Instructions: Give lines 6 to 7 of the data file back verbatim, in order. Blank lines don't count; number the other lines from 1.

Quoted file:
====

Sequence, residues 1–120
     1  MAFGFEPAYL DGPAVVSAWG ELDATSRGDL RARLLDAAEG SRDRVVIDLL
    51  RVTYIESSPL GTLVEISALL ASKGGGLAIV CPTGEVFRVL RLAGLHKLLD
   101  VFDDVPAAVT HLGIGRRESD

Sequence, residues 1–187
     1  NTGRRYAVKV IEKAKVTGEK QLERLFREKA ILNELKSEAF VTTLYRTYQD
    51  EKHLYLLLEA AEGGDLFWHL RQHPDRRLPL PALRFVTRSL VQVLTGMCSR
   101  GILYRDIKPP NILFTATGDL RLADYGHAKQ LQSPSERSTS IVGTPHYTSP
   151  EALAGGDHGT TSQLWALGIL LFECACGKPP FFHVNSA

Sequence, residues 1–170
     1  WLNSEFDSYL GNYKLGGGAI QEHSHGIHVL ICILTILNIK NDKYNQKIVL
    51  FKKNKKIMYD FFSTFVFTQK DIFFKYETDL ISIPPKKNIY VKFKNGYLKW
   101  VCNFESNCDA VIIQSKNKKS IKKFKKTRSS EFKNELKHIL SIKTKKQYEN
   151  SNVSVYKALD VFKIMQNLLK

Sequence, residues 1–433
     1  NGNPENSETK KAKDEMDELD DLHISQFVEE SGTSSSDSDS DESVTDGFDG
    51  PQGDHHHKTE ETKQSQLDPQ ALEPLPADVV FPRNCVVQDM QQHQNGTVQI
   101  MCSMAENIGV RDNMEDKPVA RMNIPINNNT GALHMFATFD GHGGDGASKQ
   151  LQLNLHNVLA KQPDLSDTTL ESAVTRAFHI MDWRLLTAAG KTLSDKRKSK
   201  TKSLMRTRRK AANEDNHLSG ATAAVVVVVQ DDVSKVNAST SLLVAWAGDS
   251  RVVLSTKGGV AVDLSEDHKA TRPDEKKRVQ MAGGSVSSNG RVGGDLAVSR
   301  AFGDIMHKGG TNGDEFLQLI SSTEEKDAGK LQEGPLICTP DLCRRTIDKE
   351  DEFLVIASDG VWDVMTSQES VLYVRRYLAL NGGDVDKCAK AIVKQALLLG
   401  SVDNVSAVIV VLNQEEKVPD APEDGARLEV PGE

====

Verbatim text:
     1  NTGRRYAVKV IEKAKVTGEK QLERLFREKA ILNELKSEAF VTTLYRTYQD
    51  EKHLYLLLEA AEGGDLFWHL RQHPDRRLPL PALRFVTRSL VQVLTGMCSR